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Salmonella infections linked to Cracker Barrel restaurant in Illinois



Salmonella infections linked to Cracker Barrel restaurant in Illinois

The Kankakee County Health Department and the Illinois Department of Public Health are investigating an outbreak of Salmonella infections linked to a Cracker Barrel restaurant.

By May 14, the provincial department had identified eight people who had eaten food prepared at the Ken Hayes Dr. restaurant. 50 in Bourbonnais with Salmonella infections.

Cracker Barrel voluntarily closed the restaurant on May 4 and is working with the county health department to determine the source of the infections. The department conducted an environmental assessment of Cracker Barrel and issued guidelines for safe food handling practices and environmental cleaning to prevent further spread of disease.

The provincial health department also issued an alert to doctors in the area about the outbreak and provided medical guidance.

The provincial health department is closely monitoring for any additional reports of illness. If you experience diarrhea after consuming food from this establishment, please contact the department at 815-802-9400 option 3 to option 3 to file a suspected food poisoning complaint.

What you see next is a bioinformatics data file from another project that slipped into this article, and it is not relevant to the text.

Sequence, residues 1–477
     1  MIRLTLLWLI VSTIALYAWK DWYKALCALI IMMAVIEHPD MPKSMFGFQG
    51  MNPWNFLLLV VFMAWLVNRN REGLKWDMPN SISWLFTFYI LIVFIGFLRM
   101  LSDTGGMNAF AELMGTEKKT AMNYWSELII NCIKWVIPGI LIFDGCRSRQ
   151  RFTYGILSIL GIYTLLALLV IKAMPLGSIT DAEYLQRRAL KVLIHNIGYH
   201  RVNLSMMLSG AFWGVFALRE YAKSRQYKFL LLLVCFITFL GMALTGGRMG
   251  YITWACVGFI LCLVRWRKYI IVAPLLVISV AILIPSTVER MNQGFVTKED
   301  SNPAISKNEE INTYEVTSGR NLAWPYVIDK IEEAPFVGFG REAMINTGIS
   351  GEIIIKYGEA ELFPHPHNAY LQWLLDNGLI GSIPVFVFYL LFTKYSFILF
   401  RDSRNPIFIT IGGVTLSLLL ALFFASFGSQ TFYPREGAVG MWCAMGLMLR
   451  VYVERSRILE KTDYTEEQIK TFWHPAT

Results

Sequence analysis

About Salmonella infections
Food contaminated with Salmonella bacteria usually does not look, smell or taste spoiled. Anyone can become ill from a Salmonella infection. Infants, children, seniors and people with weakened immune systems are at greater risk for serious illness because their immune systems are vulnerable, according to the CDC.

Anyone who has eaten at the restaurant and developed symptoms of Salmonella infection should seek medical attention. Sick people should tell their doctor about possible exposure to Salmonella bacteria, because special tests are needed to diagnose salmonellosis. Symptoms of Salmonella infection can mimic other diseases, often leading to misdiagnosis.

Symptoms of a Salmonella infection may include diarrhea, abdominal cramps, and fever within 12 to 72 hours of eating contaminated food. Otherwise, healthy adults are usually sick for four to seven days. However, in some cases, the diarrhea can be so severe that patients require hospitalization.

Older adults, children, pregnant women, and people with weakened immune systems, such as cancer patients, are more likely to develop serious illness and serious, sometimes life-threatening conditions.

Some people become infected without becoming ill or showing symptoms. However, they can still spread the infections to others.